Thiamin is one of the water-soluble B vitamins, also known as vitamin B1.
Thiamin is an important nutrient for us.
We need a sufficient intake of thiamin from our diet.
Heating foods containing thiamin can reduce their thiamin content.
Table of Contents
Thiamin Is A Very Important Nutrient
Thiamin is one of the water-soluble B vitamins.
It is also known as vitamin B1 because it was the first water-soluble vitamin to be discovered. (source ◳)
Thiamin functions as a coenzyme in the release of energy from carbohydrates.
It is also involved in nerve function and appetite regulation. (source ◳)
Thiamin is primarily stored in the liver but very small amounts.
Thiamin has a short storage time, so people require a continuous supply of it from the diet. (source ◳)
Benefits of what thiamin might be able to do for you, you can find in Thiamin: 5 Research-Backed Benefits .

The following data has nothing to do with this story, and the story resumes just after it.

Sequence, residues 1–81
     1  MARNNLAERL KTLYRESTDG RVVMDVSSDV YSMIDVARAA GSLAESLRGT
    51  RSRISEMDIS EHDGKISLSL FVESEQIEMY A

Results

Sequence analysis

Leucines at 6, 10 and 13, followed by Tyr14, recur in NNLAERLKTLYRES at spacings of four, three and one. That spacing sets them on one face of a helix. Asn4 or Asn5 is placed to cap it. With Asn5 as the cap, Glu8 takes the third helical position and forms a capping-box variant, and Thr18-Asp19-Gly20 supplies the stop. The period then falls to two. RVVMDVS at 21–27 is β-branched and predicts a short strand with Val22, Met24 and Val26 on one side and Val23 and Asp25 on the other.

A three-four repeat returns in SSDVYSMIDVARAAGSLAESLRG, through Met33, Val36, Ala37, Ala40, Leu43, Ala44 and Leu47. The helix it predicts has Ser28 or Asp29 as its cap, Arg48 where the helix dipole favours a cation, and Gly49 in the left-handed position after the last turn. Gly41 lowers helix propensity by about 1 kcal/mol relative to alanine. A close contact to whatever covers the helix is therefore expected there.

How To Get Thiamin?
The best food sources of thiamin are whole grains, meat, and fish.
Bread, cereals, and infant formulas are in many countries are fortified with thiamin. (source ◳)
Thiamin in food destroyes by heat and because it is water-soluble.
For this reason, sautéing is preferable. (source ◳)
Most people get adequate amounts of thiamine from their diet.
Deficiency is common in alcoholics and people suffering from anorexia nervosa and other undernutrition states. (source ◳)
Foods You Can Find Thiamin In
You find Thiamin mostly in spices and herb, vegetable, and baked products.
Examples of food sources include
- Cream Of Vegetable Soup
- Bran Flakes
- Kellogg's Product 19
Foods That Contain Thiamin In Our Nutrition Tool
You can find regularly updated top ranked lists of foods for over 200+ nutrients in our nutrition tool.
If you are interested in what foods contain the most Thiamin we recommend you visit our tool.
Here's our top ranked list of foods that contain Thiamin.